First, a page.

During my PhD, we built an annotated corpus of jazz chord sequences. Each chord sequence is annotated with a full harmonic analysis in the form of lexical gramatical categories for each chord and some additional structural information required to determine a unique parse.
The purpose of the corpus is to train statistical models for use in parsing. Without any statistical component, the grammar is highly ambiguous and produces a huge number of parses very slowly for any chord sequence.
Download the Jazz Corpus, which includes the full corpus in an internal format.
Download the corpus in a CSV format (see below).
The Jazz Parser reads data from an internal format that is not easily readable (or editable) with using the parser's codebase. The dataset is also available in a simple CSV-based format more suitable for use in other systems. The parser's codebase includes scripts to read and write this format. Finally, the data is available in a (relatively) human readable text format.
The data in the internal format is downloaded with the parser's codebase. You can download the data separately in the CSV format from here (see above). The format is described in detail below.
A corpus consists of three files: one containing metadata, another data about songs and the third all the chords in the corpus. The files are called metadata, songs.csv and chords.csv respectively and are bundled in a tarball (gzipped tar archive).
If you're reading these into Python, you can use the utilities in jazzparser.data.db_mirrors.csv to read them into an internal data structure.
The metadata file contains several fields with information about the corpus. Each is on a line of its own, beginning with the field name, separated from the value by a :.
The following fields are included: Name, Version, Chords file, and Songs file.
Each song occupies one line of the CSV. For each song, the following fields are represented by the columns: id (internal identifier of song), key (e.g. C major), bar length (integer number of beats), first chord (line number from chord.csv). The line numbers are given as 0-indexed lines after the first line, which is the header, so that the first chord in the file is 0. The songs are stored here in the order in which they appear in chords.csv, so that the chords of a song are found by taking lines from the first chord line up to the first chord line of the next song.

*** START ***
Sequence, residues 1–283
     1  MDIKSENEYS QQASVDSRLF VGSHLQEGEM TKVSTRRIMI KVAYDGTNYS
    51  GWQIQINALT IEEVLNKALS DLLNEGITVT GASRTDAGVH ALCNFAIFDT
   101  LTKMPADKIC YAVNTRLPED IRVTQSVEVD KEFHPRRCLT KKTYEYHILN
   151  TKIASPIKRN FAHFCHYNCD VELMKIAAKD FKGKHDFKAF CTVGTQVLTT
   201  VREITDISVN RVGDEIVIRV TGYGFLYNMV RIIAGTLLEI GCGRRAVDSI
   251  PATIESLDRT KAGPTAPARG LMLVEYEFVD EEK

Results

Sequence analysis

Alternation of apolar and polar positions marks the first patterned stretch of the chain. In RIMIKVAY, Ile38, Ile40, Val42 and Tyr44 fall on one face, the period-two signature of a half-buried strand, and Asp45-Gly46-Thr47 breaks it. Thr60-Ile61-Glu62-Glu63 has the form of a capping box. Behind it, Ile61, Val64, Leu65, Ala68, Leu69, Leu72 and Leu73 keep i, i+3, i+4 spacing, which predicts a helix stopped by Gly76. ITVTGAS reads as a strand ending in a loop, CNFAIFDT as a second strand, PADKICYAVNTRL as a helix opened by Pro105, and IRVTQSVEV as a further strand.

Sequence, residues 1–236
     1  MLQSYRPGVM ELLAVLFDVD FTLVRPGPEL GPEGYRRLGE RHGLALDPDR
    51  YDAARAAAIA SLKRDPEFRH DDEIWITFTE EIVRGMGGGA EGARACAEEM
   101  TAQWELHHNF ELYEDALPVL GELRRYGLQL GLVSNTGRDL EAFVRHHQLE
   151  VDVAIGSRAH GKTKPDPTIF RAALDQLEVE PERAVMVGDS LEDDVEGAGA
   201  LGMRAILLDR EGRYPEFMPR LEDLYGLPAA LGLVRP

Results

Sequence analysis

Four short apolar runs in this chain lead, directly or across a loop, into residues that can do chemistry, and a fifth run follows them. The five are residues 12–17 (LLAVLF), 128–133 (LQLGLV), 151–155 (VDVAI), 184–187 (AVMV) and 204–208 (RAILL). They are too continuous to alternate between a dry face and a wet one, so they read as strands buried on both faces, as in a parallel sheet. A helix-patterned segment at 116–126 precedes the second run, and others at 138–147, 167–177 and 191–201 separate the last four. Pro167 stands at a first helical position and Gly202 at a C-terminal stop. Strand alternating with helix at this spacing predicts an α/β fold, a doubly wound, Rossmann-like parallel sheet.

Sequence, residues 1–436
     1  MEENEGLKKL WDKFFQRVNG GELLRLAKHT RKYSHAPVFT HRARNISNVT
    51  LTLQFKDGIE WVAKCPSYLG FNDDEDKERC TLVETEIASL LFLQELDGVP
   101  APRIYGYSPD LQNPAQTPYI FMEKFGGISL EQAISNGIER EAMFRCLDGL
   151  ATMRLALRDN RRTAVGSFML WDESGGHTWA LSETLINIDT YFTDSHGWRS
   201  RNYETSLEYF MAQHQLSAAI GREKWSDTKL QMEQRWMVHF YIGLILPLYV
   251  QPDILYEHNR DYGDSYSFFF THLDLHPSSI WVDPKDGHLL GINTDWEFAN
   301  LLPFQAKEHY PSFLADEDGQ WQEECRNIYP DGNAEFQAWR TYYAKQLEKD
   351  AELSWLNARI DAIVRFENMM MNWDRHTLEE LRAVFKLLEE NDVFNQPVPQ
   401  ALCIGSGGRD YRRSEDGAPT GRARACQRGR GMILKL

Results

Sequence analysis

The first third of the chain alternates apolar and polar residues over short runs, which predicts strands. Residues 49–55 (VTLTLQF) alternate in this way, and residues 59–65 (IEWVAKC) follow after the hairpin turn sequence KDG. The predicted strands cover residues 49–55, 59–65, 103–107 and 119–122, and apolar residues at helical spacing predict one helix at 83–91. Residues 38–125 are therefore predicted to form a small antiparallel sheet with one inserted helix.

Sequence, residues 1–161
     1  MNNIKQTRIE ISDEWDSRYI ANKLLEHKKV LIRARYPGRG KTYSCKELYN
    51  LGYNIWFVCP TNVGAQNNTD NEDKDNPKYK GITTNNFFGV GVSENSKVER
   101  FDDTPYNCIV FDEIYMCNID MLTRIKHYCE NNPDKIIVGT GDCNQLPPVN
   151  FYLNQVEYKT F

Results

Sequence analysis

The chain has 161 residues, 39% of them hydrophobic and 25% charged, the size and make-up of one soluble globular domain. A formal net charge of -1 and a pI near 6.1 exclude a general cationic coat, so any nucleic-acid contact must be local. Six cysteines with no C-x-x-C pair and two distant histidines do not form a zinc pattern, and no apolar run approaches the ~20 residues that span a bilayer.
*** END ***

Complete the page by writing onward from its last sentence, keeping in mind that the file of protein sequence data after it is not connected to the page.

The chords of the corpus are all stored in one big CSV, one chord per line. Each chord has the following fields as its columns: root (integer pitch class, relative to the piece's main key), type, additions, bass (integer pitch class, relative to main key), duration (integer number of beats), lexical schema (name of lexical schema for this chord's annotated category, see my thesis), coord middle (bool, whether this chord is left not immediately resolved due to coordination) and coord end (bool, whether this is the end of a non-initial coordination constituent).
I have written an annotation tool for inputting the chords with their grammatical categories. It is a database application with a web interface, written in Python using Django.
The annotator's code is available in the parser's source. It uses a SQLite database, which is contained within the codebase. The annotator is dependent on the parser's code, but not the other way round.
The annotator itself has certain dependencies, but these don't apply to the parser, since it's not dependent on the annotator. To get the annotator running, you'll need everything a basic Django local instance depends on and SQLite installed, with its Python bindings.